In a recent blog post, I talked about whether there are trade-offs between bank competition and financial stability. But what about access to finance? What does competition imply for access?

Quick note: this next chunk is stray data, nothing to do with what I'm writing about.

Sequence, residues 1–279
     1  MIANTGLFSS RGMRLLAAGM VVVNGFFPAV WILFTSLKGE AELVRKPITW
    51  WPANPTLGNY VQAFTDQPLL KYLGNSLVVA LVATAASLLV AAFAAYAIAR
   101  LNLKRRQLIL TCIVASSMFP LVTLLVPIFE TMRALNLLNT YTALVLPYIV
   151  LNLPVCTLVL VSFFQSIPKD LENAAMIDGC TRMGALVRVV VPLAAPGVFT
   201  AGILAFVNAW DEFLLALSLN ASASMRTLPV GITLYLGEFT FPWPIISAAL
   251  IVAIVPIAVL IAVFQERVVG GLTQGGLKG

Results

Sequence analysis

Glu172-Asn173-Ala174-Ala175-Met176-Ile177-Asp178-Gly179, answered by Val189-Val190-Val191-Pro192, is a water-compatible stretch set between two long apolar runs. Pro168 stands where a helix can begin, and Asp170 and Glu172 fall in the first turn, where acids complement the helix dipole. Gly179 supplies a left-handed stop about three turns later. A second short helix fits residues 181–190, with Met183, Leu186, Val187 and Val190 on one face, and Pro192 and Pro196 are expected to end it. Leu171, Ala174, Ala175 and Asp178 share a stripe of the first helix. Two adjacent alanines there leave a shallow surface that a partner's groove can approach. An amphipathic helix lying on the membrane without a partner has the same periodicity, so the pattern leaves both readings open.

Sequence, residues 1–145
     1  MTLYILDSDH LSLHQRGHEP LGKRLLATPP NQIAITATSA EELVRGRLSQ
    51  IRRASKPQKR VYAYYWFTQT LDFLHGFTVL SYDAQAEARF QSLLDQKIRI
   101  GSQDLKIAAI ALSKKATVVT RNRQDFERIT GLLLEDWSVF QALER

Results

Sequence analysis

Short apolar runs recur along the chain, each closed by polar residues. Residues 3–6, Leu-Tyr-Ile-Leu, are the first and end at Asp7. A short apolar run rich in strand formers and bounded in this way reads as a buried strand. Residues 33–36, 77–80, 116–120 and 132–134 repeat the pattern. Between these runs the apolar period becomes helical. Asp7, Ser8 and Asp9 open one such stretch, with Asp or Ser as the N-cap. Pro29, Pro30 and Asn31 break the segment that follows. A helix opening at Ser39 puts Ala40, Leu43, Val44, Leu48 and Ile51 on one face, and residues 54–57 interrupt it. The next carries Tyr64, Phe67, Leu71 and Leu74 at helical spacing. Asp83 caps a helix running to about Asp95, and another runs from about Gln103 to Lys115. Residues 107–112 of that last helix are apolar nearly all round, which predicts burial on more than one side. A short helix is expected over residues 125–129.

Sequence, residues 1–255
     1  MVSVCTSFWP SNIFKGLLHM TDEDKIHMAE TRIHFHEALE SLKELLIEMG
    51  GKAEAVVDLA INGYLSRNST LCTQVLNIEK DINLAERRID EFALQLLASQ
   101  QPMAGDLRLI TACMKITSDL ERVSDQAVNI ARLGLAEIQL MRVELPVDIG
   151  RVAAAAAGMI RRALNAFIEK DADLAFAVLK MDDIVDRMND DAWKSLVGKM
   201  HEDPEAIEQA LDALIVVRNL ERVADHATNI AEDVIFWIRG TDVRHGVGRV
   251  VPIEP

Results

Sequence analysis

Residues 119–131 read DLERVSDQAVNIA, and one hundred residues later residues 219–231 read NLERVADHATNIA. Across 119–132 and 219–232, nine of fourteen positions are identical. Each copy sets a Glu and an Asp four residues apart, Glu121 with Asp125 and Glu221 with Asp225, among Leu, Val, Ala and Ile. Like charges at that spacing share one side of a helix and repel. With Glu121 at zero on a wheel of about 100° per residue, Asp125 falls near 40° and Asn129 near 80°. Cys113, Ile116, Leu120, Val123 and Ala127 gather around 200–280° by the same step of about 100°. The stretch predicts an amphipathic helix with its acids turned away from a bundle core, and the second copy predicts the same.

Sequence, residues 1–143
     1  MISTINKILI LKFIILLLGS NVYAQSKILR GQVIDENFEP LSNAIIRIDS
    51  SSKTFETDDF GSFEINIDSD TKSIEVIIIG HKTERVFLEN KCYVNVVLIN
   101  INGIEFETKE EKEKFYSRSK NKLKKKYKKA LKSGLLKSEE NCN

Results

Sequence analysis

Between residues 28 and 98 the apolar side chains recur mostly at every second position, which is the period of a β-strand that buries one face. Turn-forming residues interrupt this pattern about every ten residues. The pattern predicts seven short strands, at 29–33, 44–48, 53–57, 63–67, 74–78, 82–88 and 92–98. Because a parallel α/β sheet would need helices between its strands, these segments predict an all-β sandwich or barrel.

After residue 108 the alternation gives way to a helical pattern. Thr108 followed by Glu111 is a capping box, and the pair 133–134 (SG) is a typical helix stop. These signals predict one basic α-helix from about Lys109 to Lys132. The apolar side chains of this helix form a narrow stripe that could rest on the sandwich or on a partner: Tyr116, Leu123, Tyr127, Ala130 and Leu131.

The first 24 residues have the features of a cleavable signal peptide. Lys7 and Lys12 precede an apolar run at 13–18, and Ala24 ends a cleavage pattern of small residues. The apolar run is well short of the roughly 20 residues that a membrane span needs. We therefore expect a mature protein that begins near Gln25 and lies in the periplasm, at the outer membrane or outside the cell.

Theory supplies conflicting predictions, as usual. According to standard economic theory, a banking system characterized by market power delivers a lower supply of funds to firms at higher cost; hence greater competition improves access. However, several theoretical contributions have shown that when we take into account problems of information asymmetry, this relationship may not hold. For example, banks with greater market power can have more of an incentive to establish long-term relationships with young firms and extend financing since the banks can share in future profits. In competitive banking markets, however, borrower-specific information may become more dispersed and loan screening less effective, leading to higher interest rates. Indeed, while it has been shown that concentration may reduce the total amount of loanable funds, it may also increase the incentives to screen borrowers, thereby increasing the efficiency of lending. However, all these models also assume a developed economy, with a high degree of enforcement of contracts and developed institutional environments in general. This is obviously not the case for most of the countries where the Bank works.